Electronics For Imaging (EFII), which makes hardware and software for commercial and enterprise digital printing, has agreed to go private. Siris Capital, a private equity firm, will acquire the company for $37 per share in an all-cash deal worth $1.7 bln. This represents a 26% premium from Friday's close.
Why would a private equity firm be interested in EFII? The company says that it's "at the forefront of the digital transition in the imaging and print industry" and that by joining with Siris, "EFI will be well positioned to capture this transformational opportunity associated with increased digital inkjet penetration, industrial automation and software enablement."
EFII makes the point that the industrial digital inkjet market is high growth and that there is significant conversion of production from analog to digital inkjet printing. Its flagship products are its VUTEk super-wide and wide format display graphics, Nozomi corrugated packaging and display, Reggiani textile, and Cretaprint ceramic tile decoration. Printing surfaces accommodated by its products include paper, vinyl, corrugated, textile, glass, plastic, aluminum composite, ceramic tile, wood, and many other flexible and rigid substrates.
EFII's business has been struggling of late, so Siris Capital perhaps saw an opportunity to purchase the company on the cheap. In mid-January, the stock gapped lower when the company guided lower for Q4. Management cited weakening economic conditions across its direct businesses for its sub-optimal results. Customers had been delaying spending on capital equipment and software, which materially reduced the company's close rates at quarter end.
Late in Q4, noted the company, a substantial shift in buying behavior versus the prior year became evident in many of the industries served by EFII. This was felt most significantly in the Americas. Customers became increasingly concerned about economic trends, and many accordingly decided to defer cap-ex spending until they had greater clarity on the economic environment.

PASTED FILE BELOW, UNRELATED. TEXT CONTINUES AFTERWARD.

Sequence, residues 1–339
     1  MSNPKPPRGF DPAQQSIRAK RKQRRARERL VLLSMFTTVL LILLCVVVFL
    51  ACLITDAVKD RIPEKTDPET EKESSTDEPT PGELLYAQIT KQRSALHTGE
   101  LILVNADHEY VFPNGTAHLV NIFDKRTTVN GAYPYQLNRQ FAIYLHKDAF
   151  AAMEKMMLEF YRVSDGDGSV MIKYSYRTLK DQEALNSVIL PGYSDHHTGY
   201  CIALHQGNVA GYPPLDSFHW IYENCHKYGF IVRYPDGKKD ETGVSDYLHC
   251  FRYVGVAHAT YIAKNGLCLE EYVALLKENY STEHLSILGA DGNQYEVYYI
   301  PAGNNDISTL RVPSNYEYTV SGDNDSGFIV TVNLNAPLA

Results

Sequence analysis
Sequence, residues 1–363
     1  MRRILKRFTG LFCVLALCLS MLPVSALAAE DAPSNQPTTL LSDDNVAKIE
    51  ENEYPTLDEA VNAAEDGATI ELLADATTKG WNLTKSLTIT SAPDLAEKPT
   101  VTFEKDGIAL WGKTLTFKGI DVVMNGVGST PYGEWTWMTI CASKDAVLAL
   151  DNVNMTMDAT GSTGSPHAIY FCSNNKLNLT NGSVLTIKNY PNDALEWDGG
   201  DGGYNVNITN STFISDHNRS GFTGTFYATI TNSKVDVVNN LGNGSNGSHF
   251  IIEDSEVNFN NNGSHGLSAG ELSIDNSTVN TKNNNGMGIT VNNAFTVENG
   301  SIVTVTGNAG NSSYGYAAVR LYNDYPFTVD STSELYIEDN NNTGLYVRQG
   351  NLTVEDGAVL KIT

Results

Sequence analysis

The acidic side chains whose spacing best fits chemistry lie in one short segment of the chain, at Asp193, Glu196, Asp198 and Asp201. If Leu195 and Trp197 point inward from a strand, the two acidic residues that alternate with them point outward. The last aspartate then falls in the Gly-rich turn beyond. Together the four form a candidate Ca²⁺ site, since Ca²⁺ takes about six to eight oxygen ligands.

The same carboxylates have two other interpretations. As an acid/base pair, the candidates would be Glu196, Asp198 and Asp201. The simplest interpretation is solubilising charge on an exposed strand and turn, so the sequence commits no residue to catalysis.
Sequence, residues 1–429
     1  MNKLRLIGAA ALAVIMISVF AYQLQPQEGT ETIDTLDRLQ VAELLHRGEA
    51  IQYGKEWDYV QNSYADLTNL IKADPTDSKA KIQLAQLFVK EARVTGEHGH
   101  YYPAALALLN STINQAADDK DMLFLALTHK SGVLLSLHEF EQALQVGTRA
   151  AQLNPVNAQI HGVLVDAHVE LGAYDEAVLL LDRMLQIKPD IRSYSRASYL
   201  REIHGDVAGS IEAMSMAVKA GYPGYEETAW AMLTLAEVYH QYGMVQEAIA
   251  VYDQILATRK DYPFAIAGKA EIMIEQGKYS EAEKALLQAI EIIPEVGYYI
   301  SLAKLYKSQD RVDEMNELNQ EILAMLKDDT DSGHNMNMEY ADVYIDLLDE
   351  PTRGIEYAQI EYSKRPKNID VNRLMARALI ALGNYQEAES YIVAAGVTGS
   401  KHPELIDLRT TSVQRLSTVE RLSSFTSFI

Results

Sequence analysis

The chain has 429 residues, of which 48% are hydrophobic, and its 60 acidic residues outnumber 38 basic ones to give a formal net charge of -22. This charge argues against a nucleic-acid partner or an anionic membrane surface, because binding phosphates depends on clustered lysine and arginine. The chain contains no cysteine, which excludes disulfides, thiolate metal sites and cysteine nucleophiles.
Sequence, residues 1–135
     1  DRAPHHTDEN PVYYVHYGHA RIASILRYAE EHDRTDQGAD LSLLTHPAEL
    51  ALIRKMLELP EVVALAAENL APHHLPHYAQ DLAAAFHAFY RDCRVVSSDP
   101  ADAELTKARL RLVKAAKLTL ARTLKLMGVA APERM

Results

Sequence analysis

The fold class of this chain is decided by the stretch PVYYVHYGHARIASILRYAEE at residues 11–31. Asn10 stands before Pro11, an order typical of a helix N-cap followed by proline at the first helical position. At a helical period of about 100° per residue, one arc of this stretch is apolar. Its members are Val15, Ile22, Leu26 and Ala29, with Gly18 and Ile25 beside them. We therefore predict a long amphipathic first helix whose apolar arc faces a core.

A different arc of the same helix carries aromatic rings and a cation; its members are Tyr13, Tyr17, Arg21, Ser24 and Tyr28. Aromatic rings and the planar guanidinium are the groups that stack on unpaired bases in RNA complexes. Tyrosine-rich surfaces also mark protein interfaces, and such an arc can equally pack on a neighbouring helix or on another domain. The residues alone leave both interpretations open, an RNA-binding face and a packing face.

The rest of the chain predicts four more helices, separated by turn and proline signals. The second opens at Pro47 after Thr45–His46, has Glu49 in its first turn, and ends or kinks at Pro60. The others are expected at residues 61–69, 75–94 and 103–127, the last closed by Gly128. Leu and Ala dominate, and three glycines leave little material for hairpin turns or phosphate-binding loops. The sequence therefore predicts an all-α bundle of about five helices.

Specifically, EFII said that it entered Q4 with a robust pipeline, and Inkjet sales progress through mid-December was tracking ahead of the prior year. However, the last few weeks of the quarter were exceptionally weak. The majority of the revenue shortfall came from the company's Industrial Inkjet business, which declined approximately 5-6% yr/yr. Display Graphics and Building Materials, which were expected to be weak in the quarter, were down more significantly than expected.
This deal offers a nice premium for EFII shareholders, and the all-cash nature of the deal is a plus as well. Enterprise printing strikes us as an old school industry, but EFII's point about the high-growth quality of the industrial digital inkjet market amid conversion of production from analog to digital suggests that there is room in the industry for transition and innovation. There also may still be more developments on this purchase ahead as the deal includes a "go-shop" period that will span the next 45 calendar days. This means that if EFII can find a more attractive offer, it can terminate this deal and enter into a new one with another suitor.